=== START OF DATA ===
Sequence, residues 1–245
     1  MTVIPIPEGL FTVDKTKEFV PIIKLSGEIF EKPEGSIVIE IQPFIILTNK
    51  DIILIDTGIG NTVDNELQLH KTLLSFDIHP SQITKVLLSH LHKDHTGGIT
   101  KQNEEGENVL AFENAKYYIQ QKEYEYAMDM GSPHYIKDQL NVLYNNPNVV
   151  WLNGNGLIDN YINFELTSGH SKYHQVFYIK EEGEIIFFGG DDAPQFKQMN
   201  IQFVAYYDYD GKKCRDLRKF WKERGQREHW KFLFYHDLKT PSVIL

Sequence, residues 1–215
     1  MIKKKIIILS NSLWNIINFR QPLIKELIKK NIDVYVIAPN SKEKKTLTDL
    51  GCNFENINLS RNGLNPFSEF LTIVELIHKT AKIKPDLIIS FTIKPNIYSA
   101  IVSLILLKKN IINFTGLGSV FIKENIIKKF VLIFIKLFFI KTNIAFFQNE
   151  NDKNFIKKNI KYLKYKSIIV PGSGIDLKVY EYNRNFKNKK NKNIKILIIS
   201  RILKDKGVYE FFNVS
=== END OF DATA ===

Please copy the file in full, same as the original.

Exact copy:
Sequence, residues 1–245
     1  MTVIPIPEGL FTVDKTKEFV PIIKLSGEIF EKPEGSIVIE IQPFIILTNK
    51  DIILIDTGIG NTVDNELQLH KTLLSFDIHP SQITKVLLSH LHKDHTGGIT
   101  KQNEEGENVL AFENAKYYIQ QKEYEYAMDM GSPHYIKDQL NVLYNNPNVV
   151  WLNGNGLIDN YINFELTSGH SKYHQVFYIK EEGEIIFFGG DDAPQFKQMN
   201  IQFVAYYDYD GKKCRDLRKF WKERGQREHW KFLFYHDLKT PSVIL

Sequence, residues 1–215
     1  MIKKKIIILS NSLWNIINFR QPLIKELIKK NIDVYVIAPN SKEKKTLTDL
    51  GCNFENINLS RNGLNPFSEF LTIVELIHKT AKIKPDLIIS FTIKPNIYSA
   101  IVSLILLKKN IINFTGLGSV FIKENIIKKF VLIFIKLFFI KTNIAFFQNE
   151  NDKNFIKKNI KYLKYKSIIV PGSGIDLKVY EYNRNFKNKK NKNIKILIIS
   201  RILKDKGVYE FFNVS